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National rail strike: train operating company bosses earn more than the PM - and why workers are on strike

Rail bosses are earning as much as £650,000 per year plus benefits, while striking workers have suffered a real-terms pay cut

The directors of train companies where workers have announced national strike action earn almost £300,000 per year on average, NationalWorld can reveal.

Some directors earn more than £500,000 per year plus benefits, while rail workers set for three days of strike action this week say they’ve suffered pay freezes despite a cost of living crisis.

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Which train bosses are paid the most?

Train company bosses are being paid six-figure salaries, as workers prepare to take strike action against them in a dispute over pay, job security and conditions.

While most directors did see their pay reduced from the previous year, almost all of them earn more than the prime minister’s salary of £164,000 – including at one company where only half of trains run on time.

Publicly-owned Network Rail’s top two executives earn almost £1million per year between them.

The two highest paid directors were paid £557,000 and £417,000 each in the year ending March 2021.

The highest paid director, Andrew Haines OBE, took a voluntary reduction in pay of 20% between December 2020 and March 2021.

Network Rail also publishes the amount non-executive directors are paid, with Sir Peter Hendy paid £296,000, significantly more than any other non-exec.

Trades Union Congress  (TUC) General Secretary Frances O’Grady told NationalWorld: “Frontline rail workers have had their pay frozen for the last two years. This is hard to justify when rail firms took £500 million in private profits from the emergency bailout they got in the pandemic, and made big shareholder pay-outs.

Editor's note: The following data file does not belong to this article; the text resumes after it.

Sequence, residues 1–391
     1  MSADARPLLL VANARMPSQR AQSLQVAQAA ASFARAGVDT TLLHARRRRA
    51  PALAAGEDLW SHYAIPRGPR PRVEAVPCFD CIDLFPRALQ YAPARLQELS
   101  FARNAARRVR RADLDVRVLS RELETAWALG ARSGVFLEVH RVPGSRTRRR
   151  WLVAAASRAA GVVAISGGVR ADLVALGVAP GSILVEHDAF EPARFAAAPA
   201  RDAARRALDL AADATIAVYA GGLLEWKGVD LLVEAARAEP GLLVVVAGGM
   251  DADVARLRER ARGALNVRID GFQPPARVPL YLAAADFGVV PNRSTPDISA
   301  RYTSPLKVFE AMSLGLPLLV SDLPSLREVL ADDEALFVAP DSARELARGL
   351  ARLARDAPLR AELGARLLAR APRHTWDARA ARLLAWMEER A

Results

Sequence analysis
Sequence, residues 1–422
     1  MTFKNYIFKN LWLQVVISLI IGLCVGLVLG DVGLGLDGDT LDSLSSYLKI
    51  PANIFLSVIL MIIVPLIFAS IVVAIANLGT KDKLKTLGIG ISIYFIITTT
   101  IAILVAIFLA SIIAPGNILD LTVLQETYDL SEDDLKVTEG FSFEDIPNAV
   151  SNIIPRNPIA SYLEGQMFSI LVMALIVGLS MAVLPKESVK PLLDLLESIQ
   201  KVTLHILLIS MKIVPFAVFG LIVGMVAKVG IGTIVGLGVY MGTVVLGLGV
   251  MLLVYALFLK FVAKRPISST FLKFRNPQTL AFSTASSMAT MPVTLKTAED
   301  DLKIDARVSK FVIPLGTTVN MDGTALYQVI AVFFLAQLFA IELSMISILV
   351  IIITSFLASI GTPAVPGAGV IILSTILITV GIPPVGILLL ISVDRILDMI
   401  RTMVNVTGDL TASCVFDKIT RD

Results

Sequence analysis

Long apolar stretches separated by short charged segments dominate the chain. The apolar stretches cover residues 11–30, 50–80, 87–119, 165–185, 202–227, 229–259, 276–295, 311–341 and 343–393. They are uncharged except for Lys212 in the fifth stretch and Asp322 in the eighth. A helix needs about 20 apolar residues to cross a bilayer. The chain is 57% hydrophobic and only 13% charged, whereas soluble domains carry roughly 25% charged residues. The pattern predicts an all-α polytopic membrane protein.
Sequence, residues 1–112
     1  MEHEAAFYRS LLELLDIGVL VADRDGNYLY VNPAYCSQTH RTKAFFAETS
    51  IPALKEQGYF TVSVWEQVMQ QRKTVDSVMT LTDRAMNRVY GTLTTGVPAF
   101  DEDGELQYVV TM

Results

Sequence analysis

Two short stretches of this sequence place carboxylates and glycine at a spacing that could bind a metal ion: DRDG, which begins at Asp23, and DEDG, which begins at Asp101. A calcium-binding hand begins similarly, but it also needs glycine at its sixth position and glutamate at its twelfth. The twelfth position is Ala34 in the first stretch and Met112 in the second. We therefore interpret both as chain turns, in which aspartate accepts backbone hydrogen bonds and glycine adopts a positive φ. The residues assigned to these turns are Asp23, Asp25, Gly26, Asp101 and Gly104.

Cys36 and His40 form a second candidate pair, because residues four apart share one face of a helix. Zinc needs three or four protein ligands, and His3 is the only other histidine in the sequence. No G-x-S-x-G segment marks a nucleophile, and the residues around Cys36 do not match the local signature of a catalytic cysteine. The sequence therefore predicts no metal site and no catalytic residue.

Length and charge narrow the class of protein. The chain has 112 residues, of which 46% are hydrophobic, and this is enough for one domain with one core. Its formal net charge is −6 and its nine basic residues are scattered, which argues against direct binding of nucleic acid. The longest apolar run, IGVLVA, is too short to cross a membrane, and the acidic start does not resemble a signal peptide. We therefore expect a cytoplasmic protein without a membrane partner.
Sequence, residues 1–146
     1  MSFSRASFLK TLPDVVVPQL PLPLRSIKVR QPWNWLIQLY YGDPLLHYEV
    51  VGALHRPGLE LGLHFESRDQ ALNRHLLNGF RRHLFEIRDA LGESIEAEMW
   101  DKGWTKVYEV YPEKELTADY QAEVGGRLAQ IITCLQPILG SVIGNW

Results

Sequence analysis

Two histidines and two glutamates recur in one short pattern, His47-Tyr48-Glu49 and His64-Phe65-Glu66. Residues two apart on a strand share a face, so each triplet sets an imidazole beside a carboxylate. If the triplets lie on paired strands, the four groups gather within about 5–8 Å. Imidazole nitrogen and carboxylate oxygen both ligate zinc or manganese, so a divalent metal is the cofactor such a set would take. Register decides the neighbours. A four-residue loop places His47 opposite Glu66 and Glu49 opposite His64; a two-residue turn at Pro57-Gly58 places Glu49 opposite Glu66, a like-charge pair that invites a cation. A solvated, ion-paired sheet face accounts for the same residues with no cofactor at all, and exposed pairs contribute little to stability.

“Rail leaders should now be focused on how they can help their hardworking staff keep up with the cost of living, rather than holding their pay down again. But the Conservative government is escalating the dispute by trying to force cuts onto the rail sector.”

Directors’ pay is even higher among the firms which own one or more train operating companies.

The highest paid director of First Group, which owns South Western Railway, Transpennine Express and Great Western Railway, earned £635,000.

The second highest paid director at First Group was paid £450,000, with both seeing an increase on last year as a result of a three-month voluntary pay freeze in 2020.

At Abellio, which owns Greater Anglia, West Midlands Trains and East Midlands Railways, the highest paid director was paid £597,000 in the year ending December 2020 - the last accounts filed for the company.

How are train operating companies performing?

According to the Office of Rail and Roads’ data on punctuality and cancellations, Avanti West Coast is one of the worst performing train operating companies.

Operators are given scores based on how many trains are cancelled and how many are delayed.

Avanti West Coast is the worst ranked for punctuality with just 51% of trains on time between January and March,  the most recent period, and among the worst for cancellations, at 4.7%.

The cancellation measure is a weighted score which counts full cancellations as one and part cancellations - such as stops being missed - as half. On time trains include those up to a minute late.

Despite this the highest paid director at Avanti West Coast, which is run jointly by Arriva and Trenitalia, earned £273,000 in the year ending March 2021.

Of the 16 companies including Network Rail where workers have voted for industrial action, plus the companies which ultimately own one or more of them, only three pay their highest paid director less than the Prime Minister’s salary.